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Is Coffee Really Going Extinct?


A new paper finds a high extinction risk for coffee species.

coffee beans in a sac
coffee beans in a sac

“The world’s most popular coffee species are going extinct. And scientists say we are to blame,” reads the first sentence of a CNN article

That article, along with many others, is a report on new study from researchers at Kew Royal Botanic Gardens, one of the world’s biggest and most important botanical research facilities. Most of the coverage of the study emphasizes one number: 60 per cent of all coffee species are threatened with extinction.

That number needs context. The idea that coffee may go extinct, that there may be no coffee or that it will become rare ,more expensive and even taste bad, is not really likely, but neither is the study something we should just brush off. Effectively this is one in a long line of studies and surveys showing how macro forces—climate change, deforestation, pollution—will affect this very important crop.


The Coffea genus, which comprises the fruiting shrubs that give us coffee, is more diverse than most realize. Coffee dorks will doubtless be familiar with the two most important species economically (C. robusta and C. arabica), but not the 120 or so others found in tropical Africa, the islands of the Indian Ocean, and parts of Asia and Oceania. The vast majority of these are not grown on any real commercial scale; many are used locally.Most of these are not cultivated, they are usually found in the wild.

coffee beans
Coffee beans

As with many plants restricted to a certain climate—as in the case of wine grapes and even chocolate—climate change has a potential devastating effect for many Coffea species. Deforestation is a major destructive force in much of the tropics, thanks to growing development, slash-and-burn agriculture, and the booming oil industry, over population among other causes, and here, too, Coffea is at risk. Many Coffea species—not robusta or arabica, but the lesser-known ones—are also limited to small, sometimes isolated populations, where a single event can simply and easily, wipe out the entire species. They require forested areas, are not especially adaptable, and require healthy habitats. This is all bad news for the survival of a species.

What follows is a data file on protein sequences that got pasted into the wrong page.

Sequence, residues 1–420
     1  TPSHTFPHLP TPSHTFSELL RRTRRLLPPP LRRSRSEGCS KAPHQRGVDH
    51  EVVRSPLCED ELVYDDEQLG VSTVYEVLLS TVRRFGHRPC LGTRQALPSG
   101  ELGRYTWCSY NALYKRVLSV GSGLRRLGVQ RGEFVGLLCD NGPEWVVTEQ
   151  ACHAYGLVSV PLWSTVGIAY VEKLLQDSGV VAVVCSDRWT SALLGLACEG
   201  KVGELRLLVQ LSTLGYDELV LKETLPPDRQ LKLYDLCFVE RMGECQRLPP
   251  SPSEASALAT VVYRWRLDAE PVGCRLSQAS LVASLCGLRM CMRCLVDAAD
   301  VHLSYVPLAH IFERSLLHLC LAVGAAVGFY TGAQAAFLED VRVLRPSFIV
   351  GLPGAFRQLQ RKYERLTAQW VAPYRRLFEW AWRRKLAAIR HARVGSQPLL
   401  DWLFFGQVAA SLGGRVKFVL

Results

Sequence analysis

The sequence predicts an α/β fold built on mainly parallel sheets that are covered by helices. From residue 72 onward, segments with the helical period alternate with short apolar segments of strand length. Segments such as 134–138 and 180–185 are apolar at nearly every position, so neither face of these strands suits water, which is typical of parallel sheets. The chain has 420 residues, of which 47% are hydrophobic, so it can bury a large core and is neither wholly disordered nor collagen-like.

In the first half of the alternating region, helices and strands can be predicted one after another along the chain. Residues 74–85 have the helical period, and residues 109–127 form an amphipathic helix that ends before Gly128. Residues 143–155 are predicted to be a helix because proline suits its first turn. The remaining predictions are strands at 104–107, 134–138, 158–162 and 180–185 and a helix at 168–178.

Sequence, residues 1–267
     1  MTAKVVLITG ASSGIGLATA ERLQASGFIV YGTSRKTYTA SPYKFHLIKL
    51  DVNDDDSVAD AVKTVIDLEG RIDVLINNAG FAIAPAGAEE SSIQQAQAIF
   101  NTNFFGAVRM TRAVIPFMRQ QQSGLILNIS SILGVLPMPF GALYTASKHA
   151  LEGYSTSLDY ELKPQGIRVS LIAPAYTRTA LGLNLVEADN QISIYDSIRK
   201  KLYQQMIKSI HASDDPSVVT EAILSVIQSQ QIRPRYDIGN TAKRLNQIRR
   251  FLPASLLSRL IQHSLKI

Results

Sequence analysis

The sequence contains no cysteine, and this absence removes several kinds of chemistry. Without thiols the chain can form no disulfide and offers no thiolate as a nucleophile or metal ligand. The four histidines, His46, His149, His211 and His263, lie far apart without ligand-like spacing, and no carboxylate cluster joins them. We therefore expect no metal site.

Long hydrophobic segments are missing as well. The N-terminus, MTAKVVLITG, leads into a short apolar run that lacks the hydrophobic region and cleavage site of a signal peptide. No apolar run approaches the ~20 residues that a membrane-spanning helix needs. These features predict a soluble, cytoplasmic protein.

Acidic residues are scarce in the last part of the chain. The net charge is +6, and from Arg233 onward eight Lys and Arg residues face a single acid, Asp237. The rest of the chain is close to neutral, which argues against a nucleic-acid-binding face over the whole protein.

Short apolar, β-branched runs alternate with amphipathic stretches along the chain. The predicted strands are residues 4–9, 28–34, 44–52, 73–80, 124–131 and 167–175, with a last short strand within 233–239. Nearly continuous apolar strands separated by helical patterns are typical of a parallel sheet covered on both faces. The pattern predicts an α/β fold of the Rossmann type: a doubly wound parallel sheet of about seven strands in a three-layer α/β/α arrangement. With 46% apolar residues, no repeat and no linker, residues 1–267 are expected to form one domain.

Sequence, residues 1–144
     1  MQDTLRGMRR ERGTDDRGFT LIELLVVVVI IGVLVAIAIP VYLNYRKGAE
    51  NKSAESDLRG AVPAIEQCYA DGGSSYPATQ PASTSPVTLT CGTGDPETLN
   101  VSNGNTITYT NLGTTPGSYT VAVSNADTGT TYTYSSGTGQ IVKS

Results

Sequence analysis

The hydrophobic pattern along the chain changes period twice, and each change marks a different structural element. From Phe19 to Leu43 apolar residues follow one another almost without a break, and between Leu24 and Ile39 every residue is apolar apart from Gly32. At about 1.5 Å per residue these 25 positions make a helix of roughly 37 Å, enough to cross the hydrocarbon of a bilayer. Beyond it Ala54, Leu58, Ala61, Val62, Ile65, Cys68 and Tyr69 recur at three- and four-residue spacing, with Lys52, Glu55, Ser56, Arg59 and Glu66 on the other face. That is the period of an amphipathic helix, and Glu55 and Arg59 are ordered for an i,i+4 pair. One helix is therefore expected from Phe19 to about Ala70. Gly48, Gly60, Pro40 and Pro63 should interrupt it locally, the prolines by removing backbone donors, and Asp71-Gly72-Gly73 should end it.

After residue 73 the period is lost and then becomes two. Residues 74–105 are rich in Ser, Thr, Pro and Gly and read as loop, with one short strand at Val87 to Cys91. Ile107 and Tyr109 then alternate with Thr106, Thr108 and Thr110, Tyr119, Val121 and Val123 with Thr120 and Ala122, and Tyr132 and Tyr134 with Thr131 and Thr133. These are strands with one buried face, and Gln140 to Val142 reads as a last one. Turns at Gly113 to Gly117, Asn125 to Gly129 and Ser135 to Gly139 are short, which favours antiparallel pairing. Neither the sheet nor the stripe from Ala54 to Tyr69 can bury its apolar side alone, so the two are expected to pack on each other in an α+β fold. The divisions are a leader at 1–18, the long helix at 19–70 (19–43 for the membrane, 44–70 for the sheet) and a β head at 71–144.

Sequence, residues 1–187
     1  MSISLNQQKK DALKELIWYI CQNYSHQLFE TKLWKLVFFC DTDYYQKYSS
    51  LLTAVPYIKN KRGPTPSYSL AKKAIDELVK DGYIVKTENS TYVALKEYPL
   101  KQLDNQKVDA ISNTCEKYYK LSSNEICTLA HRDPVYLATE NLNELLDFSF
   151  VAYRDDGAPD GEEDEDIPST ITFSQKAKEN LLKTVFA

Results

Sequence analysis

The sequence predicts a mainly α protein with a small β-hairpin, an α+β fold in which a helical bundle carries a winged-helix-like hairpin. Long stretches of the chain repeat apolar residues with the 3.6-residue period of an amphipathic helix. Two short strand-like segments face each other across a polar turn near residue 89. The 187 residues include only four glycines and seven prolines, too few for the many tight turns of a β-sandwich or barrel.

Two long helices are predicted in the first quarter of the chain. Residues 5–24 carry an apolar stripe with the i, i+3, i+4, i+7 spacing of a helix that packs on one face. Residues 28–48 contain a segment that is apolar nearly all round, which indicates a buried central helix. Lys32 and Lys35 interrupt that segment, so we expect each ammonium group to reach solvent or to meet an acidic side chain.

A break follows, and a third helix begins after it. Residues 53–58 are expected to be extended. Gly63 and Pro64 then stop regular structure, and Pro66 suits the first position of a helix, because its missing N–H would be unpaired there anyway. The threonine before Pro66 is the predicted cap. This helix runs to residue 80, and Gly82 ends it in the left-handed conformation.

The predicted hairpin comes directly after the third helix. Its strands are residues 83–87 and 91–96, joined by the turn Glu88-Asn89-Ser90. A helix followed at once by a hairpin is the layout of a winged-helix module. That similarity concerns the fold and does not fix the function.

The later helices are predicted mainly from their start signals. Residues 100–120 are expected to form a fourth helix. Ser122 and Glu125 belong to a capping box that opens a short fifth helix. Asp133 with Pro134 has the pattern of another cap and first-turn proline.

But the study here is limited to wild Coffea species. Wild coffee is certainly important economically as a whole, but the vast majority of arabica and robusta, which make up almost the entire market, are farmed. These are not going extinct.Its the lesser breeds we should indeed be worried about.

This is not to say, that since they are less,there won’t be any consequence for their extinction of a dozen species of plants. The basics of any extinction hold true for Coffea: it plays a vital role in its ecosystem, in this case providing fruit for animals in addition to shade, protection against erosion, and all the other important things shrubs and trees do.

From an agriculture perspective, the researchers note that having a diversity of wild species is vital to the health of the coffee industry in order to keep the coffee makers in business. The wide variety of coffee plants gives room for cross-breeding  all sorts of desirable traits, from resistance to droughts to protection against certain pests or diseases.

Coffee, as a product, is not really in any immediate risk. But losing even these comparatively rare and unknown wild varieties could cause major problems for the coffee plant and coffee making industry down the road, causing an impedance to the coffee industry’s ability to react to the problems that pop up with any crop. And, of course, the basic point is an echo of a multitude of other studies: the whole planet is seriously at risk



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